Social Change Film Festival & Institute

The 2nd Annual Social Change Film Festival & Institute (SCFFI) 2012 was held in New Orleans, Nov. 28 - Dec 2, 2012.


Supporting filmmakers to be effective social activists and supporting social activists to be engaging storytellers.



Video Contest



Drop by Drop: Water Stories, a video contest for youth created by the Social Change Film Festival & Institute (SCFFI), Channel G and EarthvisionZ, is now accepting submissions.


Visit the Drop by Drop contest page for more details.

Posts tagged "world bank"

Many times audiences see a social change film and are left wondering: What can I do? One of our goals is to create a collaborative environment, where audience members become participants and spring into action.  

At Every Drop Counts, our World Water Day event at the World Bank, we hosted a Q&A with The Ripple Effect author Alex Prud’Homme followed the screening of Participant Media’s film Last Call at the Oasis.  Prud’Homme and panelists shared some easy tips for saving water at our Every Drop Counts World Water Day event at the World Bank.

Prud’Homme said that as he learned more about water waste, he could see it everywhere he looked: In lights that were left on, traditional toilets, and technological devices (computers, cellphones, etc. use a lot of water in production).

While agriculture, industry, and buildings contribute more to water waste than individual households, we need to make sure we are doing what we can. Here are some simple steps you can take:

  • Turn off lights when you leave a room. Not only does turning off lights reduce energy use, it conserves water used in energy production.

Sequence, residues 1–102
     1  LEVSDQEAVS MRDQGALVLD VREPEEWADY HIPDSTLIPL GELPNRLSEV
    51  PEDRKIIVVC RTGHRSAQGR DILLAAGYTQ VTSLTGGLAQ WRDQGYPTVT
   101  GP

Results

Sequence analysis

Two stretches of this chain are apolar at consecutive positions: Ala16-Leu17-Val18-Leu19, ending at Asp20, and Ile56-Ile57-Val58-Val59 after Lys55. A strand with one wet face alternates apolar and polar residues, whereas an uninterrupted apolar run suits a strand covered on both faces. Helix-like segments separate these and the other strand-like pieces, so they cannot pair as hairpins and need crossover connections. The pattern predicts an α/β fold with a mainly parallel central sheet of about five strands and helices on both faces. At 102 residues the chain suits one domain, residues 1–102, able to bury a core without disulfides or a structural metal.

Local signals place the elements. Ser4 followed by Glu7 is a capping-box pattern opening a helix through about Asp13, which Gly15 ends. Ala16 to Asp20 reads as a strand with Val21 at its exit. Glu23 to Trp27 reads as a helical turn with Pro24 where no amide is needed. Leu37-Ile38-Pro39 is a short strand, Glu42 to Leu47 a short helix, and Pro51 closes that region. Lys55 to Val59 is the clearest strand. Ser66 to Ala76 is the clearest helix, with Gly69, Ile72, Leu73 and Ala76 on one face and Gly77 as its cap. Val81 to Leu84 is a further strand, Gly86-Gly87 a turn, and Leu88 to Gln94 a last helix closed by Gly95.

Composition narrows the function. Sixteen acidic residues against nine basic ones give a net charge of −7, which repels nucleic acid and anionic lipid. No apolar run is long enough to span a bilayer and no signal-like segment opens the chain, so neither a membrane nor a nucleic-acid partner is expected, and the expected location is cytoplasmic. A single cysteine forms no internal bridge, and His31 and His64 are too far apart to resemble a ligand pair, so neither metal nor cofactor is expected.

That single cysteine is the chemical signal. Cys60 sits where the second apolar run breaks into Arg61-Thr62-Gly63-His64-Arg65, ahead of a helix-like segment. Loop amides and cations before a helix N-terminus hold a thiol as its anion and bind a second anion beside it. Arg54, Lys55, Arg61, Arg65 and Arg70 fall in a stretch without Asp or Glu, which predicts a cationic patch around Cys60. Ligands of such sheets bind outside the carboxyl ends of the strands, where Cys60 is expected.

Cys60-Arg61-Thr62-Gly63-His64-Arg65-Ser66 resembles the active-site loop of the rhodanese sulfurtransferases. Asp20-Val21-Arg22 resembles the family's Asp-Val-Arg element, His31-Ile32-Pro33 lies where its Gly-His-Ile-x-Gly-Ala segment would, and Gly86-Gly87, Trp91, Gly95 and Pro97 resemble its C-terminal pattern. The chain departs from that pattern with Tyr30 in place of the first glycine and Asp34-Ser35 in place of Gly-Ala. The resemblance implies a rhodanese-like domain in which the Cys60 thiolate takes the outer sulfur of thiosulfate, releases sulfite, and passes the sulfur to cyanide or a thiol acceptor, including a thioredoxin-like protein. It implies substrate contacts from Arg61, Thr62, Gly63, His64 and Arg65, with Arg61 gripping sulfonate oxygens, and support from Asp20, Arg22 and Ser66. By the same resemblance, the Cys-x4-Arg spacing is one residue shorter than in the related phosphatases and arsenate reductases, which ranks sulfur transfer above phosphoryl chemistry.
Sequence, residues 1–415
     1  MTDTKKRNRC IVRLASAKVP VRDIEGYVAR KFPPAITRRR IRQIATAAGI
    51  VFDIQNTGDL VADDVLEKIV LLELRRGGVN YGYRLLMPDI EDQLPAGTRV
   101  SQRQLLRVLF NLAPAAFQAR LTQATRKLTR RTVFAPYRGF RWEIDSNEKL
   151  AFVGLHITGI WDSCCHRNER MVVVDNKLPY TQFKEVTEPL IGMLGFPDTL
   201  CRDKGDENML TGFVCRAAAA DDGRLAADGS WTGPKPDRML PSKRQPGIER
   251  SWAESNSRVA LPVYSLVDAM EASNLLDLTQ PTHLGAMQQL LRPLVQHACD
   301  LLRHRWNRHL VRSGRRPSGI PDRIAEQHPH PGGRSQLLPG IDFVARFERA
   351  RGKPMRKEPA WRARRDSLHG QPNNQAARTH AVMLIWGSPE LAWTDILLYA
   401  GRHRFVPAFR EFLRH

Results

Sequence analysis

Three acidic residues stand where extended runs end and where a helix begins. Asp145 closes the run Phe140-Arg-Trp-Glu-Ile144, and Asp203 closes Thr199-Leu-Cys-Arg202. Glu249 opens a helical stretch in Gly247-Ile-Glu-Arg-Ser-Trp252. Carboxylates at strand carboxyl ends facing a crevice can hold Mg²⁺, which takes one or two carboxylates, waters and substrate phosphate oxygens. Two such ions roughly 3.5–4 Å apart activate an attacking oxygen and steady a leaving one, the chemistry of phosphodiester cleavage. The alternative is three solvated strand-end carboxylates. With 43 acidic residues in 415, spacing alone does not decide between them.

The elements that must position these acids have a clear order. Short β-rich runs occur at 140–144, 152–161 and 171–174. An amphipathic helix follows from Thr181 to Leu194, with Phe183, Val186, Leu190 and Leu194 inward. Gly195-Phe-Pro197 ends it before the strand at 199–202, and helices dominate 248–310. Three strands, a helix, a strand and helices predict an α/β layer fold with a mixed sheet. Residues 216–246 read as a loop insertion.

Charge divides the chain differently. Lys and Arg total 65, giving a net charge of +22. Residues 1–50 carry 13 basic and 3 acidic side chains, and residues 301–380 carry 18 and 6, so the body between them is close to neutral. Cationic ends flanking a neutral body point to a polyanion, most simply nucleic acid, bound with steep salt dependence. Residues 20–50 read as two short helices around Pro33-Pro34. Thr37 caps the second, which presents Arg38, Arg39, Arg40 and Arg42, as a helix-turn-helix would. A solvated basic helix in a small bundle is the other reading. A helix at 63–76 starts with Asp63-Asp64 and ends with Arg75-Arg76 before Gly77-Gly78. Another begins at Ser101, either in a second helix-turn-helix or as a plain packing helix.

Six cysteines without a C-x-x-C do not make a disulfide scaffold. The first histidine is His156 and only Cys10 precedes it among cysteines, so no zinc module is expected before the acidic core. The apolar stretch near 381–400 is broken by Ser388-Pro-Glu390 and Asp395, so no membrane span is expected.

• When using the bathroom, follow the “if it’s yellow, let it mellow” principle, which can save hundreds of gallons of water a week. Toilets use 5 to 6 gallons per flush. If you plan to remodel, invest in a double flush or a low-water toilet.
  • Consider buying used clothing or reducing consumption. The production of clothing, including jeans, is water intensive.
  • Wear clothes more than once between washings. Laundry uses 40-55 gallons PER LOAD!!! Minor stains can usually be cleaned with a wet rag or sponge. Lisa Nash from Blue Planet Network, suggests putting baking soda on jeans, turning them inside out and inside a plastic zip-lock bag & then putting them in a freeze over night. This method totally eliminates the need for washing and I can’t wait to try it out!
  • DRINK TAP WATER. This cannot be stressed enough. It takes 3 Liters of water to make 1 bottle of water! Plus, but heading for the tap you will reduce the disastrous use of plastic bottle and most likely be drinking water with less bacterial content. For real!
  • Dump old or unwanted water into a houseplant or dog bowl. Don’t waste clean water by dumping it down the drain!
  • Collect rainwater. If you have a backyard, but a bucket out and collect some rainwater that you can use for houseplants and gardens (even baths!).
  • Don’t leave water running. This may seem like a no-brainer but many people leave water running when they wash dishes, brush their teeth, wash their hair, and wash their hands.  Just turning water off for a few minutes helps conserve!
  • Shower less, bird bath more. A four-minute shower uses 28 gallons of water. Showering everyday is not only bad for the environment, but it is bad for our hair and skin.  If you are used to showering everyday, try taking a day off. If needed, you can use a washcloth and a put a little water in a sink and spot clean giving yourself a bird bath!